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GIA Wins Trademark Infringement Suit Against AIG April 14, 2021 (0 comments)


Antwerp, Belgium—A European gem laboratory has been ordered to cease using trademarks that closely resemble that of GIA (Gemological Institute of America). 

Citing recognition of GIA for gemological report services and education, a Belgian court unequivocally ordered AIG Belgium, operating as American International Gemological Laboratories and Antwerp International Gemological Laboratories, to immediately cease using ‘AIG’ alone or in conjunction with other marks, or face significant penalty payments. This definitive ruling applies to the use of the now-illegitimate marks used by ‘AIG’ relating to both education and gem grading. 

“The global gem and jewelry trade and consumers around the world rely on the independence of GIA’s science-based gemological reports and the industry-leading quality of GIA education,” said Jennifer Wilson, GIA general counsel and senior vice president. “When others attempt to take advantage of GIA’s reputation and global recognition to create confusion in the trade and among consumers for financial gain, we will always respond with vigor and resolve.”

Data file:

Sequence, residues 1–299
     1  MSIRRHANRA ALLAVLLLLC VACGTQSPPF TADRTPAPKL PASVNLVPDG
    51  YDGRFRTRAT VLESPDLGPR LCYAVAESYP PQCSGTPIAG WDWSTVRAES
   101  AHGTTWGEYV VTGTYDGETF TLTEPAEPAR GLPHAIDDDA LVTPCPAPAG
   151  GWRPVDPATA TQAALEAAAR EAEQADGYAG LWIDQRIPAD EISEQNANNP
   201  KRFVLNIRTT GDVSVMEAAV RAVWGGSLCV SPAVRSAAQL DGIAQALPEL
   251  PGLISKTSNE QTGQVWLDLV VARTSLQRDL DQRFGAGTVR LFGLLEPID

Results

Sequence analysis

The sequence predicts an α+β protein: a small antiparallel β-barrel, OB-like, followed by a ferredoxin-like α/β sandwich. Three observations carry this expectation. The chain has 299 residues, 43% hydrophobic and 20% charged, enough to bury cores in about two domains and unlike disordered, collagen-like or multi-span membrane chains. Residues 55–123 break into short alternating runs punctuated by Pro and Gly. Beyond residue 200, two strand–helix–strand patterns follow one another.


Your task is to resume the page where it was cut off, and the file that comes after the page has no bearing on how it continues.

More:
In handing down its decision, the court cited AIG’s ‘attempt to sail on the success of GIA’s marks’ and imposed penalty payments for prohibited use up to €500,000. GIA’s trademarks, including ‘GIA,’ ‘Gemological Institute of America,’ the GIA seal and other logos are recognized and protected throughout the world. As part of its consumer-protection mission to ensure the public trust in gems and jewelry, the Institute vigorously pursues any person or organization who attempts to misappropriate GIA’s intellectual property and reputation.

GIA turned to the courts after several demands that AIG cease and desist in infringing on GIA’s protected marks and logos. GIA also is vigorously pursuing an adjacent case pertaining to AIG-related entities in Israel.

The appearance of the two logos was deemed by a Belgian court to be sufficiently close enough to warrant trademark infringement. Top image: A GIA grading report.

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